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The Santa Monica Downtown Specific Plan: What Say You?:

“This is my city and…” It’s what you hear at public meetings as person after person speaks on behalf of the city they love. Their passion for the city is part of why I love Santa Monica. Now they are helping to shape the future of the downtown.

The Santa Monica Downtown Specific Plan Workshop, held in the east wing of the Santa Monica Civic Auditorium on Dec. 5 was the third in a series of planning workshops. People were invited to learn about how the plan is shaping up and give feedback on unique experience, places and buildings that make downtown so special and (learn about) the ideas for creating a walkable and complete downtown filled with great buildngs, public spaces, an exciting downtown for residents and visitors.

Neal Payton, a principal in the architecture firm of Torti Gallas and Partners, told the 160 or so people in the audience that the LUCE is the “bible” for the development of the downtown.

He listed goals for the plan including creating: “a great walk” with wider sidewalks and great destinations; authenticity to be achieved by creating the right spaces for events and activities that could only be in Santa Monica; downtown neighborhood parks, the possible re-adaptive use of the post office building as a public space; and to “ensure that new buildings are of a quality that enhances and enriches downtown.”

In his presentation of what makes a downtown great, Neal Payton also talked about identifying “opportunity sites.” Places where the City would consider exceeding height and other zoning requirements in exchange for community benefits.

“These opportunity sites would be sites, he said, for “iconic architecture.”

Danilo Bach, a long time Santa Monica resident, said of the idea that one cannot predict a building will become iconic.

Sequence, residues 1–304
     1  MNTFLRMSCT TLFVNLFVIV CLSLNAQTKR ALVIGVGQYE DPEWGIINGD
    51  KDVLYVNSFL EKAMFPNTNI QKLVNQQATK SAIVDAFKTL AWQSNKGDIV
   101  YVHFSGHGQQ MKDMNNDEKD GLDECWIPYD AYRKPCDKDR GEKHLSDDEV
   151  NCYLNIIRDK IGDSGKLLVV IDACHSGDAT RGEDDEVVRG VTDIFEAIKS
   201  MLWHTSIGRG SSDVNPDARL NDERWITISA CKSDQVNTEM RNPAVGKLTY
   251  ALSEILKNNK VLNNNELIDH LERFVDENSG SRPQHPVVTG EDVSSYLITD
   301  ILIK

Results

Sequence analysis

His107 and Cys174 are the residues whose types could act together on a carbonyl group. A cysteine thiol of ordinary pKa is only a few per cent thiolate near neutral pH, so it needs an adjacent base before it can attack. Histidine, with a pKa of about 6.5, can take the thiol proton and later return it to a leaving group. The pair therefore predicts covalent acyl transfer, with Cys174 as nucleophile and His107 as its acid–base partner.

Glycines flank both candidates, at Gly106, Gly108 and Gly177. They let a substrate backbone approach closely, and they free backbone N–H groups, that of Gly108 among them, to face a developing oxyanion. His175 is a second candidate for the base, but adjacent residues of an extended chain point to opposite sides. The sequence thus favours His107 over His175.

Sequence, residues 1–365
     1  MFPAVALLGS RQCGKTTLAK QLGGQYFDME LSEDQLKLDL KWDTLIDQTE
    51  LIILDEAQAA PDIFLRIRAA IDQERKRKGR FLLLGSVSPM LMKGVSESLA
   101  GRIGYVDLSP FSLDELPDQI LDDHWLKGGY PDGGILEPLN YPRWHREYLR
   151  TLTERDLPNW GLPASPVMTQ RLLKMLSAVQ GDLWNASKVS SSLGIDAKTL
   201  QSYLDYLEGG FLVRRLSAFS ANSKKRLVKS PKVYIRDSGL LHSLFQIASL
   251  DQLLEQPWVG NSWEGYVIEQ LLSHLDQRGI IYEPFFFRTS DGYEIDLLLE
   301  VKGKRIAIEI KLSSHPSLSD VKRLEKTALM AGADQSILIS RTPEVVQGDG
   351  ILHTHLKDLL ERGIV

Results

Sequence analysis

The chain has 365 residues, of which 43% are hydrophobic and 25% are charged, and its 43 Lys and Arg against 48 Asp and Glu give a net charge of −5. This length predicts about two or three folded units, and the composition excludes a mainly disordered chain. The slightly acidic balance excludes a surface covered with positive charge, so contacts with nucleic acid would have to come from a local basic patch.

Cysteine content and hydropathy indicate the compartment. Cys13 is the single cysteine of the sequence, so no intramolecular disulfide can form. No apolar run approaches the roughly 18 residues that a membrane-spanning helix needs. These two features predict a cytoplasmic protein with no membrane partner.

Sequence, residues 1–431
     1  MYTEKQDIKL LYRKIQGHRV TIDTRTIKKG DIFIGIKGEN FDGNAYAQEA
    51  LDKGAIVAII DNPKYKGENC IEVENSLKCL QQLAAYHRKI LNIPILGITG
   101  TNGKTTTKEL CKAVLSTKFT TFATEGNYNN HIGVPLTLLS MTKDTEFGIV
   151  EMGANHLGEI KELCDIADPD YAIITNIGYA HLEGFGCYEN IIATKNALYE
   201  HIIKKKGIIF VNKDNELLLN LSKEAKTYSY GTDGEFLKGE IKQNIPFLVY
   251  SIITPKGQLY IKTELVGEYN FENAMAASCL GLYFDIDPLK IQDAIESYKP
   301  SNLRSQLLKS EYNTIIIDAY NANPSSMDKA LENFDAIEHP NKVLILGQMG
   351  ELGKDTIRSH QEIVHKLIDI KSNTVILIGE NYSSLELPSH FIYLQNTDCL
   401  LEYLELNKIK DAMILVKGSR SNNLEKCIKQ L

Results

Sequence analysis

“I think it’s a clumsy concept,” Bach said. “A building only becomes iconic over time and because of what it means to the community.”

Payton lost the audience when he started talking about the 275 feet high One Wilshire building. He thought it had admirers in the City. From the audience reaction, if there are admirers of the building, they weren’t in that room.

Newly elected Council member Ted Winterer said he would like to see the workshop more directly address people’s major concerns.

“Look at all these people here,” Winterer said. “They want to talk about scale and height of the buildings. They want to talk about traffic and how to solve the traffic problems of getting around downtown and through downtown to other parts of the City. Instead we’re being asked to talk about gateways. For 160 people to give up their Wednesday evening they want it to be meaningful.”

On Sept. 27, 2011 the City Council voted to approve a contract with Torti Gallas and Partners for $655,500 (includes a 15 percent contingency) “to provide land use and urban design services, transportation planning, economic analysis, architectural and urban form studies, circulation and parking analysis, and community outreach services related to the preparation of the Downtown Specific Plan.”

A successful downtown is essential to the well being of the City. Most of the contract monies will go to the consultants doing data gathering, research and analysis.

Only a portion will go to Torti Gallas. Whatever that portion is, to earn it, they need to convince us of their understanding of the city we love.

Many good ideas were presented at the workshop. Wider sidewalks, more parks, historic preservation, cultural activities, and careful attention to design are an important consideration for any Specific Plan. What we need to know is that this plan will be specific to Santa Monica and will protect the scale and character of the City.

What Say You?

in Opinion
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